For our “Social justice spotlight” series, we ask students who participate in Sheller Center clinics and programs to talk a bit about their experience. This week, we hear from Wes Stevenson, a third-year law student.
Over the past year, I’ve been working with the Sheller Center’s Justice Lab Clinic to end the City of Philadelphia’s practice of charging parents for their children’s incarceration costs. During that time, every person I’ve talked to about the issue has expressed the same outrage and confusion I felt when I first learned this was happening. Yes, this really happens, and it happens all across the nation.
This work is critical because the practice is fundamentally unjust, it hurts families during a critical time, and it has no real financial benefit for the City. And it has been going on for a long time. Our work has been about ending the practice so no more families face these support orders. But it has also been about holding the City accountable, for imposing these costs on working families for years, and ensuring that when the practice does end, it ends for good.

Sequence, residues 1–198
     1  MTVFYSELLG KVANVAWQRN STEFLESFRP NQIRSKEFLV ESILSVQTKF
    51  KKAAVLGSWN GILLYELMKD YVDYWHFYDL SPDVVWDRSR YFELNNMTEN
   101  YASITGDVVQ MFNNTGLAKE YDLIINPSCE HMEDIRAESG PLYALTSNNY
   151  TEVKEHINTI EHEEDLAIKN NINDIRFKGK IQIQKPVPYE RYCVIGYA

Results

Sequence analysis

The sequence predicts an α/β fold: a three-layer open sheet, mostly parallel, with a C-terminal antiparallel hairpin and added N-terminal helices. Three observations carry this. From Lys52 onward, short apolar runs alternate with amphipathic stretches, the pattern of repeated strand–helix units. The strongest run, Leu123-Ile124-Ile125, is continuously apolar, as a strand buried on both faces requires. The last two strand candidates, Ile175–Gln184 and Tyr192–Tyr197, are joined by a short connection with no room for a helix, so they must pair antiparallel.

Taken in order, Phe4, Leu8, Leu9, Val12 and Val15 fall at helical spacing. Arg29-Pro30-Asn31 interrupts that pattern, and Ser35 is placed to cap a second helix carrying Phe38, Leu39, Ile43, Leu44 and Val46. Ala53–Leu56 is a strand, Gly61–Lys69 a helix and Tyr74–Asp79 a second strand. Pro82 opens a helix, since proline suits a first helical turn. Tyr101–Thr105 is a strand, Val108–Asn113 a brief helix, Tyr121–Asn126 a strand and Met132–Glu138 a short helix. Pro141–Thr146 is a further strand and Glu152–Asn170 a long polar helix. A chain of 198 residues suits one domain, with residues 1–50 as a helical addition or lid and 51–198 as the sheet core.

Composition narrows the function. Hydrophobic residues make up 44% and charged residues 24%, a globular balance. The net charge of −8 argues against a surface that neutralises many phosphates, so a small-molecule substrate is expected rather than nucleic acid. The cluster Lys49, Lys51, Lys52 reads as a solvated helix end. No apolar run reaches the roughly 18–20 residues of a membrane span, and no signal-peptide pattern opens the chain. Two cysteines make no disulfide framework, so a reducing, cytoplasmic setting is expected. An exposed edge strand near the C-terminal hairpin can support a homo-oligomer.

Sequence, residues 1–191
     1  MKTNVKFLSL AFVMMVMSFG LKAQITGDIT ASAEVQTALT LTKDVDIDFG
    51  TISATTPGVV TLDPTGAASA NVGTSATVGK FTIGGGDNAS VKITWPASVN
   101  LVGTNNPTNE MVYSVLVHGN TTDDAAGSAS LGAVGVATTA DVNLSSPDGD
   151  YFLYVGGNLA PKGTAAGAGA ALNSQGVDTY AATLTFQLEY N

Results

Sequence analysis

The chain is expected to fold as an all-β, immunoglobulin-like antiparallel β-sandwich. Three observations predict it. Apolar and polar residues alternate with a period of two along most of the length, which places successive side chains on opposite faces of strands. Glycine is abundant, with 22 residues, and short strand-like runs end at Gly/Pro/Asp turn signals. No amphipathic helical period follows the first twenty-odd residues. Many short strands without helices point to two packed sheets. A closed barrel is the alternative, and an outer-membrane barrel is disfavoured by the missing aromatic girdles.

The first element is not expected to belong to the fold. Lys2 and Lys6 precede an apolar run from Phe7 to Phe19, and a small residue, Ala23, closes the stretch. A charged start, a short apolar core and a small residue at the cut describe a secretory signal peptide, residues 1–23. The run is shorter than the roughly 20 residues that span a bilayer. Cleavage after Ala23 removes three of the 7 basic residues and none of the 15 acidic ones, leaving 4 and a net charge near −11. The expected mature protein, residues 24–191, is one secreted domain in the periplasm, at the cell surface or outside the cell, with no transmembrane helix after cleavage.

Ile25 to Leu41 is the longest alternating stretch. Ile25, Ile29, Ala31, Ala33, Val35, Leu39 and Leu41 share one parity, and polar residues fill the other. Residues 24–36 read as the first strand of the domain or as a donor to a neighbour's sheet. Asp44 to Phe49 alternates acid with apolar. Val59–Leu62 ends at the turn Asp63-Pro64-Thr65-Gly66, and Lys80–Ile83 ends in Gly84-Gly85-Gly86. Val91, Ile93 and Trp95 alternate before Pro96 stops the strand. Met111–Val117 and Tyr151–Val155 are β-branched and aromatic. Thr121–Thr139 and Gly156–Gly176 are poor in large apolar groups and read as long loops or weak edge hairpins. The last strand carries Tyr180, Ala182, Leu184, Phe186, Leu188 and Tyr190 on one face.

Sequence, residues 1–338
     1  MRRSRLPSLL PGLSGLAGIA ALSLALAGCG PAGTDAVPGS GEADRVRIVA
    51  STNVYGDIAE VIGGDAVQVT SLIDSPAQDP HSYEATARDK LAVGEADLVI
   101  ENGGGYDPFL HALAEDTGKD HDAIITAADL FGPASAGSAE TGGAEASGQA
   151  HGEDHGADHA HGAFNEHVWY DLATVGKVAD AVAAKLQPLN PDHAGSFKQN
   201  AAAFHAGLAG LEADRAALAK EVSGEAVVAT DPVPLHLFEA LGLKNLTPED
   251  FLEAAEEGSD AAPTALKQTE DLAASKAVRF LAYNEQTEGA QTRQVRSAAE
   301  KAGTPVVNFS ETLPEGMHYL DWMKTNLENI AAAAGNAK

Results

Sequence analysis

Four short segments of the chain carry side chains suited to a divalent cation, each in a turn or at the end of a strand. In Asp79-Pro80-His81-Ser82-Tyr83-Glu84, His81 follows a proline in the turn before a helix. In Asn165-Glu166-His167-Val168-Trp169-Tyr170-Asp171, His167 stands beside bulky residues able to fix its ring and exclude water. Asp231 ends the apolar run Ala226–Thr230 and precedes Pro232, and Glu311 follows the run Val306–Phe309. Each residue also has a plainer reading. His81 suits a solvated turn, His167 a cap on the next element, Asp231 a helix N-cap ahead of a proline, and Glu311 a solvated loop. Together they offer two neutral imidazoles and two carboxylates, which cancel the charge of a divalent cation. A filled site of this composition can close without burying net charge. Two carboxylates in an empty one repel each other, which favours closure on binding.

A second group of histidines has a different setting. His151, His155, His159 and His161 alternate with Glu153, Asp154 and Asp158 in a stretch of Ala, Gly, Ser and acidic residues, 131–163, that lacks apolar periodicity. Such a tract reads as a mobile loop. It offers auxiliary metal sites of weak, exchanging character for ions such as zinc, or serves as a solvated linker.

Philadelphia City Council has scheduled a hearing on the practice for March 3, 2017, at 11:00 a.m., in the Council chamber at City Hall. I am grateful for the opportunity to testify at that hearing, alongside affected parents and advocates, and I’m hopeful that by the time I graduate, these collections will have officially stopped.
2 thoughts on “Social justice spotlight: Wesley Stevenson”
Comments are closed.